By Sue George
The top two men from the most recent NMBS round at Sugar Mountain battled it out again in Colorado for the final race in the series. Geoff Kabush (Team Maxxis) and Jeremiah Bishop (Trek / VW), ended the series with a sprint finish. Only one second separated the two riders.
Kabush, sponsored by a tire manufacturer, made a calculated gamble by choosing to race with super light tires. He hoped the gains he would experience on the climbs would offset any caution he'd have to employ not to flat on the downhills, and no matter what happened, he'd still win the series, if not the race.
Kabush had raced the tires before, at events like Sea Otter, and he knew their appropriateness for climbing courses. He often races them on grassy short tracks, too. "When I can use them, it drops over a pound from my bike." The Maxxis tires weigh 310 grams, an asset on a course that started out with 1,200 feet of steep climbing, but a potential liability on rocky downhills, like the 20 minute descent that ended the race.
"I already had the series wrapped up, so there was less pressure," said Kabush. "It was craziest (rockiest) course I've ever ridden them on. I tried to use them to go uphill as fast as I could and crack the guys, but Jeremiah was riding really well."
"Kabush was running a risky setup in my opinion," said Bishop after the race. "The one thing that would have derailed his day was a double flat or a slashed sidewall. The wheelset was a shock to me when we started the race and I saw what he was running. I can't believe he didn't flat." After seeing the course, Bishop took the opposite approach ran a full 2.2" mountain bike tire on the rear, which he said paid off on the descents.
Although the two men employed different strategies, one to go fast up, one to go fast down, they ended up at the finish together. Kabush would sometimes shake Bishop on or just after the climb, but Bishop would always get him back on the downhill.
"He caught up with me seven or eight minutes to go," said Kabush. "It made for an intense finish. I'd push it on any uphill, but he kept coming back to me. On the final grass sweeping corner to the finish, we were neck and neck. We were both drifting on the gravel in the corner."
"It made for a really interesting race, probably the most exciting race of the year," said Bishop. "We would yo-yo back and forth. I would catch up to him and he'd pull away on steep climb, and I'd think I was done and dropped, and then I'd rip downhill at a steady place, and I'd see him slowing down for a stream crossing and I'd blast right through and catch back up."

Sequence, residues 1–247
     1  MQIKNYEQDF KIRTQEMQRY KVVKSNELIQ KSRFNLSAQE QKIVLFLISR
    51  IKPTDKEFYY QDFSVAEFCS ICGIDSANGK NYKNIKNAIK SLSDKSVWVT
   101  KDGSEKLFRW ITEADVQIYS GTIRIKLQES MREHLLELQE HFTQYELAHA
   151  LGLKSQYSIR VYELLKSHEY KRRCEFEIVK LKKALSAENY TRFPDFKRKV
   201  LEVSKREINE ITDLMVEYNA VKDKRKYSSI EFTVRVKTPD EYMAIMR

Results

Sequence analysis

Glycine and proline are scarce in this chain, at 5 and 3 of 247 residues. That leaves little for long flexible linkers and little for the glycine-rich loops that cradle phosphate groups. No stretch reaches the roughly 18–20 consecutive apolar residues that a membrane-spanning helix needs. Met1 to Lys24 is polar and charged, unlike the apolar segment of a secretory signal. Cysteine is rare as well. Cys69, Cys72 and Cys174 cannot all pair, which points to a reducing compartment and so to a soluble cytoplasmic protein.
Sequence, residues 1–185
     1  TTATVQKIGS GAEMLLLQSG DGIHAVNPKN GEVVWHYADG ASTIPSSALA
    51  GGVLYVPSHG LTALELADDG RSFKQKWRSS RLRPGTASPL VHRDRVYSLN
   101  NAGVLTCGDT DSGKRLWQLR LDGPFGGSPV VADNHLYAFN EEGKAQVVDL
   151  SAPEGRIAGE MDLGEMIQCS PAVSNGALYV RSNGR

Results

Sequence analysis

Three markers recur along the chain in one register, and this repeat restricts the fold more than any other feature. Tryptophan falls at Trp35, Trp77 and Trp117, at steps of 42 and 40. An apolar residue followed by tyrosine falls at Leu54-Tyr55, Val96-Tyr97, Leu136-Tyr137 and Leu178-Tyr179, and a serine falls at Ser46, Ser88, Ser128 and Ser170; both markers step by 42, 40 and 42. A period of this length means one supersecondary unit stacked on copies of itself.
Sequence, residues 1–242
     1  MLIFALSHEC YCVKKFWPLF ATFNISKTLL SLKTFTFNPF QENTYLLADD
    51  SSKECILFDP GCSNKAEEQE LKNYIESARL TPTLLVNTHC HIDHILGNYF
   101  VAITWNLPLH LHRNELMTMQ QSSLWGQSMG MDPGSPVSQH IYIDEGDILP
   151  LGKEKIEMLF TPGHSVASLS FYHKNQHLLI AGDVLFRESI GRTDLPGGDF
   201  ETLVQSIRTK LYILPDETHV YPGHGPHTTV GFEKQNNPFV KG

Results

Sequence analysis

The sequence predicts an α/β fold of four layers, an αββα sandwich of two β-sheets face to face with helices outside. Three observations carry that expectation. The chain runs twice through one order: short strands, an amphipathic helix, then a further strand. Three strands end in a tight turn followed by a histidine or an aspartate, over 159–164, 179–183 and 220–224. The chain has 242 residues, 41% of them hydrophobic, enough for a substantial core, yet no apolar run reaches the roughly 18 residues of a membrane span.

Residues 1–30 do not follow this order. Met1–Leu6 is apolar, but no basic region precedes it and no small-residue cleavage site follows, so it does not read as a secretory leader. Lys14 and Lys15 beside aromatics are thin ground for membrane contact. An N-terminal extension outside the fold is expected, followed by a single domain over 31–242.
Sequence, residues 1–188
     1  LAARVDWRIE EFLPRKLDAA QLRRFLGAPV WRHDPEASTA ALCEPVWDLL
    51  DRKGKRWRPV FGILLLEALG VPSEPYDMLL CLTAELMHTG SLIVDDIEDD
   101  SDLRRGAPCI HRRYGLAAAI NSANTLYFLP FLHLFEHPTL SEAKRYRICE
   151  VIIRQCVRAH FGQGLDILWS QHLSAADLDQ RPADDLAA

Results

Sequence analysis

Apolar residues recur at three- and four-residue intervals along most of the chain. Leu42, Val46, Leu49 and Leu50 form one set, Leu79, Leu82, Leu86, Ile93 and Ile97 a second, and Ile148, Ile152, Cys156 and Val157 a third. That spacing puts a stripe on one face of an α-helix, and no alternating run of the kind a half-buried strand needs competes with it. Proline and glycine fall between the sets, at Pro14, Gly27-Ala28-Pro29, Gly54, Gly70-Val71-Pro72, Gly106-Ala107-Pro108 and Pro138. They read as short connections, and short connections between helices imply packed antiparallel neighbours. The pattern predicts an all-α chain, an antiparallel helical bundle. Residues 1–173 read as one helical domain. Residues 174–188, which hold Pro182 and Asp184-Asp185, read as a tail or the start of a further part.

Kabush said he was not bothered by the altitude. When not travelling for racing, he lives in Albuquerque, New Mexico, at 6,000 feet altitude, not quite as high as the 9,000 feet at Snowmass. He'd had over a week to re-acclimated after racing in North Carolina. In contrast, Bishop, who resides nearer to sea level, chose the arrive-at-the-last-minute strategy and said he felt fine at altitude Saturday, but suffered Sunday.
National champion Adam Craig (Giant) finished third, back 2'30". Todd Wells (GT) and Jeremy Horgan-Kobelski (Subaru - Gary Fisher) rounded out the podium for fourth and fifth.
The Canadian Kabush claimed the overall national series title with Horgan-Kobelski in second. Bishop's strong two series-ending performances helped him step up to third overall, and he said he felt on track for the rest of the major races for the season. Wells (GT) and Barry Wicks (Kona) finished off the series podium.
On the women's side, Georgia Gould (Luna Women's MTB Team) won the cross country ahead of team-mate Katerina Nash and Heather Irminger (Subaru / Gary Fisher). Gould moved quickly and strategically to the front of the field. "I had a good start and I knew it was important to be first going into the singletrack. It's a 20 minute climb, almost all on singletrack and pretty steep, and there was potential for gaps to form there." Gould maintained her lead until the end, eventually extending it to 1'48". Her win locked up her overall title with 910 points after completing a perfect record by taking all six victories. Nash and Vanlandingham were second and third in the series.
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